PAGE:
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Tampa Bay Buccaneers

Tampa Bay Buccaneers

2006 Camp Review

It may have seemed endless to the players, but the Bucs training camp has come and gone in the blink of an eye…Here we run down the timeline of a very successful three weeks at Disney


Rookie G Davin Joseph reported to camp on time, made a strong impression on the practice field and started in the preseason opener

The Tampa Bay Buccaneers officially opened training camp at 1:00 p.m. on Thursday, July 27, at the beginning of a three-hour reporting window for the players, and officially closed it shortly before 10:00 a.m. on Thursday, August 17, at the end of a brief morning walk-through.

That's 405 hours of camp life, give or take an afternoon off here or a game day there. For the players, it may have felt like twice that. Four or five months from now, depending upon how long the Buccaneers' season lasts, those three weeks in Lake Buena Vista will seem like no more than a blip on the radar screen.

The players who stampeded out of Central Florida on Thursday were certainly eager to put training camp in the rear view mirror. If the 2006 season goes well, however, they may look back on this sweaty sliver of time at Disney's Wide World of Sports complex as an essential ingredient to their success.

The 2002 team certainly did. That was the first Bucs squad to train at Disney and, five months later, the first to hoist the Lombardi Trophy. They left camp saying all the right things about being forged into a united team in the intense heat, about learning at a fast pace and about being ready to compete for a title.

Of course, that 2002 team had no idea in August what lay ahead in the fall or in January. Neither does this 2006 squad. Nobody makes grandiose predictions during training camp; rather, they set in motion a plan they hope will lead to the Super Bowl, then follow that plan as well as possible.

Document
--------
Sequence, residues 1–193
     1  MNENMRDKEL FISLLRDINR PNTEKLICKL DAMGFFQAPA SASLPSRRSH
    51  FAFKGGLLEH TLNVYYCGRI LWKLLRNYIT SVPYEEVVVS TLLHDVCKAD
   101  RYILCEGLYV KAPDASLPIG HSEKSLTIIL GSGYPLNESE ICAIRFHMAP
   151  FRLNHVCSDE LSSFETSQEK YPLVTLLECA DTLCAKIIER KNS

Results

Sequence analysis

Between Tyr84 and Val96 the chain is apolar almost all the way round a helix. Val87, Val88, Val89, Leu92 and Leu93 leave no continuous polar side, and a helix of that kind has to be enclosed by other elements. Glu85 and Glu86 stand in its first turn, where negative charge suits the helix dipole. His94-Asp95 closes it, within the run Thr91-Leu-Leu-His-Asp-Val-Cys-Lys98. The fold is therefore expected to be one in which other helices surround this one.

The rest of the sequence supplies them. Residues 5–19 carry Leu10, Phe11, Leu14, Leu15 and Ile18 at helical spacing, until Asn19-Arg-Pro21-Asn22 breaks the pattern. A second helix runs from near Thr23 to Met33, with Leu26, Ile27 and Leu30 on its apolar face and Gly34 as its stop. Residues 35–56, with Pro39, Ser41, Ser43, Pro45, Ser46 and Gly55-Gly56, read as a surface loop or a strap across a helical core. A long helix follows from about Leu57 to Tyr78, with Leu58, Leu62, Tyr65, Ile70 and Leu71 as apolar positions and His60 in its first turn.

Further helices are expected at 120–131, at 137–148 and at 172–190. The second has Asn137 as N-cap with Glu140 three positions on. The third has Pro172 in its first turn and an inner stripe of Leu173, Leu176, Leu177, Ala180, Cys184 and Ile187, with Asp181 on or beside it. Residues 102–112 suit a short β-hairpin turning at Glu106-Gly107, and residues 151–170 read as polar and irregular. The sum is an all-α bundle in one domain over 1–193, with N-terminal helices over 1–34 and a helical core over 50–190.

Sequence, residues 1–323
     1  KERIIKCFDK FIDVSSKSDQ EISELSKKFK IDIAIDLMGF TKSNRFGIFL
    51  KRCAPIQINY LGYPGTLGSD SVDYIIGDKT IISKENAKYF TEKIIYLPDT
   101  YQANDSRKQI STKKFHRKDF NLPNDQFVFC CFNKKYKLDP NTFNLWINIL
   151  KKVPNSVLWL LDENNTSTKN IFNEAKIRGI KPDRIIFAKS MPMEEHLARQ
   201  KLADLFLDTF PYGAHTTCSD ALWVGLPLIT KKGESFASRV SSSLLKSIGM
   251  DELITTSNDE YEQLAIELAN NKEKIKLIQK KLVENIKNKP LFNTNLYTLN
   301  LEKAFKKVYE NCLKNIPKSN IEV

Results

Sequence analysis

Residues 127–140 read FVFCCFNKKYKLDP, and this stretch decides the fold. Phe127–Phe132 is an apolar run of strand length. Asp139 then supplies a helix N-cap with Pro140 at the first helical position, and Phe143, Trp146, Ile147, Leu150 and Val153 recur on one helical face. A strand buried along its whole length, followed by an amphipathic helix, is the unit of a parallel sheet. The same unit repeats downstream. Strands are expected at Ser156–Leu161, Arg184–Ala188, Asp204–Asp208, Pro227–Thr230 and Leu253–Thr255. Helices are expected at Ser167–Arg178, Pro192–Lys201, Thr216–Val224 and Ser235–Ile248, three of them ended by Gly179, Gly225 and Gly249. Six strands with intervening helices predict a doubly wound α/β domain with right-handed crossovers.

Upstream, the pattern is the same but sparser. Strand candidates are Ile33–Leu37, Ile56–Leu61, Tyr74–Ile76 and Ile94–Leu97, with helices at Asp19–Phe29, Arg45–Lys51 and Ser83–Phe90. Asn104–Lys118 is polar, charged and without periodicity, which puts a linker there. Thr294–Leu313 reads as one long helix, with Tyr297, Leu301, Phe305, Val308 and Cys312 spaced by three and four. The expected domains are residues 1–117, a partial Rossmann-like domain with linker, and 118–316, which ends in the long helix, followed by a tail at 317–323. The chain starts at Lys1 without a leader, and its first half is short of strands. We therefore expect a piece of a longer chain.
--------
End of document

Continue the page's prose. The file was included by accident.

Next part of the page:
"That's why you just better take it one step at a time and just worry about your own house here," said Head Coach Jon Gruden on the day his players reported to camp this summer. "Try to keep developing players, try to manage your training camp creatively and get the most out of your players and try to stay injury-free. I think that's the goal. You can't really worry so much anymore about the other guys because they change so much. We respect that and yet we don't fear it."

Three weeks later, as camp broke, Gruden declined to grade his team's progress too specifically. The proof, he said, will be reflected on the scoreboard once the regular-season games begin in September. But as to the list of goals he outlined on that first day, the Bucs seemed to have placed a check mark next to each one.

Develop young players? Davin Joseph and Jeremy Trueblood started next to each other on the offensive line last Friday night in the preseason opener. Manage camp creatively? The Bucs were rarely interrupted by weather, so Gruden inserted special off-days, a trip to the movies and a few indoor sessions into the mix. Get the most out of your players? Gruden's most common end-of-the-afternoon assessment during the dog days of camp was that his team had worked hard and once again proved that they loved the game of football. Stay injury-free? Knock on wood…so far the shell-shock news of major preseason injuries have come from other corners of the NFL.

In many, many ways, this year's camp resembled that first one under Gruden, the first one at Disney in 2002. This summer's edition was actually less injury-plagued than that one – the '02 Bucs lost Michael Pittman and Keenan McCardell for good chunks of camp – but it was a near match in terms of atmosphere. Distractions were few and far between this year as in 2002, and the focus was squarely on football. A trip to Japan garbled the '03 camp, hurricanes swamped all of Florida during the '04 camp and relentless O-line injuries made it hard to hold a meaningful workout in '05.

This summer, the Bucs arrived at Disney, put their heads down, worked non-stop for three weeks and, with a collective and audible sigh of relief, left town feeling quite satisfied. No drama, just a lot of sweat.

"We've worked hard and gotten some work done," said Gruden, simply. "We've got a long way to go but I'm pleased with where we are. We got a lot of things done."

Like what, specifically? Using the Training Camp Central section as a guide, let's take a look back at the timeline of Camp 2006.

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